Reefer Madness: 5 Broadway Shows That "Light Up" the Stage

We've weeded out the 5 best Broadway shows fueled by ganja. Yes, the list includes "Hair."

To quote the hit revival of Hair: "As Mary Magdalene once said, ‘Jesus, I'm getting stoned!'" And flower child Jeanie, who declares the line while exhaling a hazy plume of smoke, isn't the only one sparking up on the Rialto. Broadway shows fall into trends as easily as films or fashion collections do, and we feel it is high time someone pointed out the growing crop of mainstream musicals and plays prominently featuring that most polarizing of herbs, cannabis.

Prohibitionists and straight-edgers, don't get too concerned -- most productions use marijuana as a medicinal tool to set the show's social or historical tone, and one even highlights the dangers, D.A.R.E.-style, of the green stuff as a gateway drug. Regardless of what onstage light is being shone on Mary Jane, we decided to weed through the present selection of shows to bring you a sampling of Broadway's stoner stars.

1. 9 TO 5

9 to 5 may be the first to boast a triad of onstage fantasies blatantly and shamelessly fueled by ganja. In fact, the crux of the musical relies on a friendship forged during a joint-passing session between fed-up office workers Judy, Doralee and Violet, who never would have joined forces without [SPOILER ALERT] the socially lubricating effects of some choice bud. The ladies may work 9 to 5, but the show's major action seems to kick in precisely at 4:20pm.


Did you really expect an era-defining musical about young hippies in an East Village park in the late '60s to omit the puffing and passing of its tribal lovers? While spliff toking goes on, well, pretty much throughout the entire production, the beaded, tie-dyed, draft-card burning denizens of take things to the next level with Act Two's Technicolor number "Walking in Space," a smoke and LSD-fueled musical ode to "floating, flipping, flying, tripping." But it's not all starshine and Aquarius: Leading man Claude spends the better part of an hour in the throes of one seriously bad trip, proving it may be "Easy to be Hard," but sometimes it is hard to be high.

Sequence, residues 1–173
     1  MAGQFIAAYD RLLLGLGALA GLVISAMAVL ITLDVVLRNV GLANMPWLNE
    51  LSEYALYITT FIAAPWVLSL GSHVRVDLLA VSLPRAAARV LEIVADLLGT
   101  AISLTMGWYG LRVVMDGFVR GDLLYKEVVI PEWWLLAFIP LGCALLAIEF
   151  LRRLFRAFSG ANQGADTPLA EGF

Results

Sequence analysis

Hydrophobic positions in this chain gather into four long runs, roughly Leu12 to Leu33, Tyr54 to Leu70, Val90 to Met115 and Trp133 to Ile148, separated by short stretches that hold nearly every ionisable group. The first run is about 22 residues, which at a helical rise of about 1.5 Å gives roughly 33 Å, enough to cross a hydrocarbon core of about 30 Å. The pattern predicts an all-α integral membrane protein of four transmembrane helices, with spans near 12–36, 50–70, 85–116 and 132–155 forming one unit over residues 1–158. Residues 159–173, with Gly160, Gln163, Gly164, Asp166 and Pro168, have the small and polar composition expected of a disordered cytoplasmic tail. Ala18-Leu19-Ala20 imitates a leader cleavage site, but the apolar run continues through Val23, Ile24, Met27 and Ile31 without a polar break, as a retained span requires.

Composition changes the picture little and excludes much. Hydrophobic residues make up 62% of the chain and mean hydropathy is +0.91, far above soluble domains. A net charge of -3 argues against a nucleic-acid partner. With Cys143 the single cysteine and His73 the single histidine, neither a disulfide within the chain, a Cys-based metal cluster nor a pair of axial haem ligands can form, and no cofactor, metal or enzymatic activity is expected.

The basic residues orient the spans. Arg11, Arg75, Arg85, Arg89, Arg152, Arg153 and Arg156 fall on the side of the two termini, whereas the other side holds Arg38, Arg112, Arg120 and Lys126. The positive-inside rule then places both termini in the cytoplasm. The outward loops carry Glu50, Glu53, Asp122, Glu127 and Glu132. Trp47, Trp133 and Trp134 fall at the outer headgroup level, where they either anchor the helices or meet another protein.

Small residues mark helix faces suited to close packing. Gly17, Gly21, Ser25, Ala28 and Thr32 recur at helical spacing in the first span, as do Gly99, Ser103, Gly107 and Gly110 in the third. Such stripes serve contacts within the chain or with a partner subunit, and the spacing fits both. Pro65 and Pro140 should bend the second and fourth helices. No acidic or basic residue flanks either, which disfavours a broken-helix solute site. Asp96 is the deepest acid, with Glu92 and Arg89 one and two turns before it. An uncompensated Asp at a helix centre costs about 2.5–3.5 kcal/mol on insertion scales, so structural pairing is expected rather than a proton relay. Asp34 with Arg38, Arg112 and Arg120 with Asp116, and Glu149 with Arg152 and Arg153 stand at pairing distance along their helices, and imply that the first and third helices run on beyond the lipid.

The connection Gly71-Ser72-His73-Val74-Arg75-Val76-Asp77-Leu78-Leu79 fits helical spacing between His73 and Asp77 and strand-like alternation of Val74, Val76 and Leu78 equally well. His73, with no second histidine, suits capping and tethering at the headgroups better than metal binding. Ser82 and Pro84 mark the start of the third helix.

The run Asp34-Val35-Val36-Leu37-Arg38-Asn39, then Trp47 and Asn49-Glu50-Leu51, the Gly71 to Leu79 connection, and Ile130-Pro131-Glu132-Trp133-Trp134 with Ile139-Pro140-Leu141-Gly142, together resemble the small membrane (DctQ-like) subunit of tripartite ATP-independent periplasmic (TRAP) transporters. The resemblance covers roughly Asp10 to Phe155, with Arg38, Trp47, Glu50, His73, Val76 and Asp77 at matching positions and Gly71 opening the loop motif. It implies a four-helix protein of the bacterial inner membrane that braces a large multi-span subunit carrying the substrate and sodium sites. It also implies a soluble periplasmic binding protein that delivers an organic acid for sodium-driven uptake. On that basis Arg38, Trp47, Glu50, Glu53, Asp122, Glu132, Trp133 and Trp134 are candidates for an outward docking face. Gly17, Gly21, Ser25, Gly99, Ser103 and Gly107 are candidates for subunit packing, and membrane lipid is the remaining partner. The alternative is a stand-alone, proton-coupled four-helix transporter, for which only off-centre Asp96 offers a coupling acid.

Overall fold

Mom Diana may be downstairs popping pills (and more pills...and then some more pills), but just up the stairs, stressed-out daughter Natalie is blazing down with stoner boyfriend Henry. Earning double doobie points, the new musical boasts not one but two onstage bongs -- one made MacGyver-style out of an apple and a Bic pen. Cheech and Chong would be totally proud! For those questioning the merit of a show that depicts teens lighting up in plain sight, don't panic: It's called Next to Normal, not Next to N.O.R.M.L.(which stands for the National Organization for the Reform of Marijuana Laws), and is partially about the dangers -- and sometimes dire consequences -- of playing with one's own internal chemistry set.


"Do you wanna smoke a bowl?" And with that, edgy, over-it teenage rebel Jean plops down in the attic next to the Weston family's American Indian housekeeper Johnna (who politely declines). Don't judge the underage doper just yet -- you'd probably need a hit or two also if you had to deal with the matriarchs of the Weston clan (and considering the proliferation of pill-poppers, nicotine-addicts and alcoholics running around onstage, you can't blame Jean for having a vice of her own). If the greenery didn't lead to second-act drama (like the kind she finds with her aunt's pothead fiancé), we'd say Jeanie should call up Natalie for a covert session.


"Oh What A Night" indeed. Yes, the Four Seasons may have had a squeaky clean image during their reign in the 1960s, but as the Tony Award-winning musical proves onstage, it was an all-drinking, all-drugging, sexy free-for-all behind the scenes. During one debauched evening on the road, Frankie Valli, Tommy DeVito and Nick Massi decide it's time to deflower songwriting golden boy Bob Gaudio, passing joints back and forth before passing one choice dame off on the virginal Gaudio (did a ganja-impaired memory contribute to the fact that Bobby famously "didn't even know her name"? You decide). Suffice to say that Gaudio hit a high note that late December night in ‘63 in more ways than one, with the hit song to prove it.

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